In the face of disaster, preppers know we need to move quickly. We should be prepared to act in a minute’s notice when we realize our family is in jeopardy. We each have our Bug Out Bags ready to go or they should be but it is a different matter altogether if the family bug out mobile is involved. How many times have you watched a Prepper show where the family simulated loading all of their gear to escape town? Often it took them much longer than they anticipated and in at least one case, they couldn’t even take their main prep with them.
We have talked about conducting a trial load of your bug out vehicle before and that makes perfect sense, but what if you had a simple way to plan and stage your bug out vehicle equipment, food and gear that would only take you 10 to 20 minutes to load, was ready to go when you needed it and would give you just about everything you would need to live on your own for at least 30 days? What if this simple bug out vehicle load plan could get your and your family on the road faster? Do you think it would be worth it to spend a little time now as opposed to wasting life-saving hours later?
The idea for the bug out vehicle load plan comes from a couple of places. First, like so many of you, I have tried to figure out and plan for all my supplies if the situation dictated that I needed to throw everyone in the car and leave. I have written about my plan to shelter in place because I think everything being equal, it is much easier to weather some disasters from the comfort of your own home. However, I do realize that I don’t always get a vote. Perhaps a chemical spill 5 miles away was causing illness and evacuations. I would need to go and quickly.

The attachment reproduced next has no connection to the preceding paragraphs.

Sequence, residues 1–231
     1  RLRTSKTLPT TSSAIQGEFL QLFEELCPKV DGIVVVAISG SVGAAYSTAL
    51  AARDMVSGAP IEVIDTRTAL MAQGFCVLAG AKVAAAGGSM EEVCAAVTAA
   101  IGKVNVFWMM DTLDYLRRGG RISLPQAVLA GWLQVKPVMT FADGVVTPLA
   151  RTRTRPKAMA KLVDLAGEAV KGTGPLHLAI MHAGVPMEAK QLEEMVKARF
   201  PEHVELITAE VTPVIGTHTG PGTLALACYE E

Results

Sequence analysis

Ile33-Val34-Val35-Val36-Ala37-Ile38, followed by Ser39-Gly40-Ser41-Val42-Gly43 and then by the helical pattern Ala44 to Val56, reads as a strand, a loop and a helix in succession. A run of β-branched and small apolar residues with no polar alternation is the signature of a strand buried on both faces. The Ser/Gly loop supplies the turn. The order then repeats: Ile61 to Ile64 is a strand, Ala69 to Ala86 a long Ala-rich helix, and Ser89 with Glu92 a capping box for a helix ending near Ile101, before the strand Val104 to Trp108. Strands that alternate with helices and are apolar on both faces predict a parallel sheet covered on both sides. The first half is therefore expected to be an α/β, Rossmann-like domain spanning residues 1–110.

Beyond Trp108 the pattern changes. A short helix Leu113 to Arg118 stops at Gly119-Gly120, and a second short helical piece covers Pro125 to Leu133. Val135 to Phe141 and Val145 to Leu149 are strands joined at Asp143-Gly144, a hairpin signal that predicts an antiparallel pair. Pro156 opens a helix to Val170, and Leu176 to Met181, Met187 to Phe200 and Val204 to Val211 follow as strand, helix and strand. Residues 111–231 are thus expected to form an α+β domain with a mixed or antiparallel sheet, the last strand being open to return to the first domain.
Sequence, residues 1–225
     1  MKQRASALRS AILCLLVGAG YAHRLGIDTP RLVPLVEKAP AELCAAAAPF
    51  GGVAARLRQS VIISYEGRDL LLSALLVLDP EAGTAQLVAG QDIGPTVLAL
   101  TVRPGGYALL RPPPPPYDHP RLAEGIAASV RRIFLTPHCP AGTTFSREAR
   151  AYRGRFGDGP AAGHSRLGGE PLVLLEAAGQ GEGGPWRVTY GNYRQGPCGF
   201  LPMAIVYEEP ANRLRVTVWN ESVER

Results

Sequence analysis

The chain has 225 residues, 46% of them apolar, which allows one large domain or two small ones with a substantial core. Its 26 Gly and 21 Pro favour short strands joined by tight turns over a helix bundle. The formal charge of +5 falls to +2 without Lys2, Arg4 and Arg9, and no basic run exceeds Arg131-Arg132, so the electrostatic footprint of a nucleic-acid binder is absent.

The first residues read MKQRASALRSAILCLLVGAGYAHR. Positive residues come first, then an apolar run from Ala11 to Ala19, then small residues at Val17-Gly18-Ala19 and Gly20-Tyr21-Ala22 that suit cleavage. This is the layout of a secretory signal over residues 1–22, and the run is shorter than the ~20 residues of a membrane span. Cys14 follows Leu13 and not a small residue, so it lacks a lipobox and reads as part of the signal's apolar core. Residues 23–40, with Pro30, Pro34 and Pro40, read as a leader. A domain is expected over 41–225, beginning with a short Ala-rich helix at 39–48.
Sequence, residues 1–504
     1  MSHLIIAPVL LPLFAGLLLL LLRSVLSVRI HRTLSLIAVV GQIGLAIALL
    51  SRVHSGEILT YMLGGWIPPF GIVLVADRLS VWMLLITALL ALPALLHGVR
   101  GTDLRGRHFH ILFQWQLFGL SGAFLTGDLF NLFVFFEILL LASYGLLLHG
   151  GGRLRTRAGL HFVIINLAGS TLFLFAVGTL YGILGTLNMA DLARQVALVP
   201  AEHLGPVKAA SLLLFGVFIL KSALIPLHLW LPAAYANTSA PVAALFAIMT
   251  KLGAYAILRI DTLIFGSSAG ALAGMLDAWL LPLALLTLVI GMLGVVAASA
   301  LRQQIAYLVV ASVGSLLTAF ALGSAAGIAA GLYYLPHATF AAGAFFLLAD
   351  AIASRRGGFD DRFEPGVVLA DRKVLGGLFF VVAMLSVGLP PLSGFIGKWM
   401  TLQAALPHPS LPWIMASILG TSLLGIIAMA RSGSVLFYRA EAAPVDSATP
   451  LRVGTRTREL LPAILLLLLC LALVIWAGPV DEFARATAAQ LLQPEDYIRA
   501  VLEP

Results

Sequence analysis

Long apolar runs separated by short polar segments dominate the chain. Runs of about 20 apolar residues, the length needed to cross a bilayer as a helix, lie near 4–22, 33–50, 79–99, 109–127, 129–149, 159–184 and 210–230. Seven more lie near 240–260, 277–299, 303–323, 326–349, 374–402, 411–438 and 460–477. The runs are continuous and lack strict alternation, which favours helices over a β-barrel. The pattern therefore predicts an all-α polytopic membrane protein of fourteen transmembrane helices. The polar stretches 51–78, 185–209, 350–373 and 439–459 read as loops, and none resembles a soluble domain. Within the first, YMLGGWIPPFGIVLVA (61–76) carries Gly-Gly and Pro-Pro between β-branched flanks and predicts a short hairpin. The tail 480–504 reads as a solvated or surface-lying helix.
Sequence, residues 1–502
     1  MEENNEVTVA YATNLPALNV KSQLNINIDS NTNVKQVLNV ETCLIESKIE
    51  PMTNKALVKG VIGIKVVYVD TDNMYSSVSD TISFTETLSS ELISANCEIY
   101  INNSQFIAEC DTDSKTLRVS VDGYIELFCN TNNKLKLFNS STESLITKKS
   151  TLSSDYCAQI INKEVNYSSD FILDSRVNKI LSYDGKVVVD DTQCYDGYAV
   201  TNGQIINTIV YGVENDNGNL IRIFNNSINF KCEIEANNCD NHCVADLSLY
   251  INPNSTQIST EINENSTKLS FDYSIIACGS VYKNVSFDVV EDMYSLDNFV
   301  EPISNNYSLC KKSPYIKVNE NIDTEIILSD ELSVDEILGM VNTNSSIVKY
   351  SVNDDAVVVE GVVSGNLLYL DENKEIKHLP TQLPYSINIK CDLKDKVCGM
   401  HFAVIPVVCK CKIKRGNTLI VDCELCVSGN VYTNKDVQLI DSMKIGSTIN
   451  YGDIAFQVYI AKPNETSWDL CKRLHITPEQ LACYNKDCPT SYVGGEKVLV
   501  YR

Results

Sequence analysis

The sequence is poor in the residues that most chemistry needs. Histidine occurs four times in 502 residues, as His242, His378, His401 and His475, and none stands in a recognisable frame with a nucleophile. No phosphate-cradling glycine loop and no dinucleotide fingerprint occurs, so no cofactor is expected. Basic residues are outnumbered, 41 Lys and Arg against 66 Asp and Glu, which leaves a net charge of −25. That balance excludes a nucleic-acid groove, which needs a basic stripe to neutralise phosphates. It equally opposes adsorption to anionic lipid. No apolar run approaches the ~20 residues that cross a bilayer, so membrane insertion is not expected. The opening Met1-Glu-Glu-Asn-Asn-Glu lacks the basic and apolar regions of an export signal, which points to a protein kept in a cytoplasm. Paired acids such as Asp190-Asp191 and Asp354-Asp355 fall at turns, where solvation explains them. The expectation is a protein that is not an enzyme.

I have many prepping supplies that I think are vital to living and surviving away from my home, but I don’t have them all packed and ready to go. I have some items in closets, some in sheds, some under beds, in spare closets and others strewn in numerous drawers. If I have plenty of time, I think What I have collected so far can cover a lot of bases, but in this scenario, we want to get out quickly. It could be that you want to beat the rush that could quickly cause the highways to be parking lots. It may also be that if you don’t get to safer ground, you will die.
The list I have put together draws a lot of inspiration from camping trips. I do still maintain that in many aspects, living off the grid is very similar to camping. Yes, there are many ‘but what about’ to that analogy, but if you have the basics to live in the woods for a week without starving, you are in pretty good shape. Will that last years? Will that keep you safe from hordes of Mongolians on horses? No, but we are working towards a goal here. Not everyone is able to have a bug out retreat.
The consistent part of prepping is that everyone needs the same core things to survive. You need water, food, shelter and security. Technically you don’t need security if you are on an island and no creatures or humans are trying to separate you from your head, but you get the idea. In this world, you will likely need to defend yourself from others, in some situations, at some point.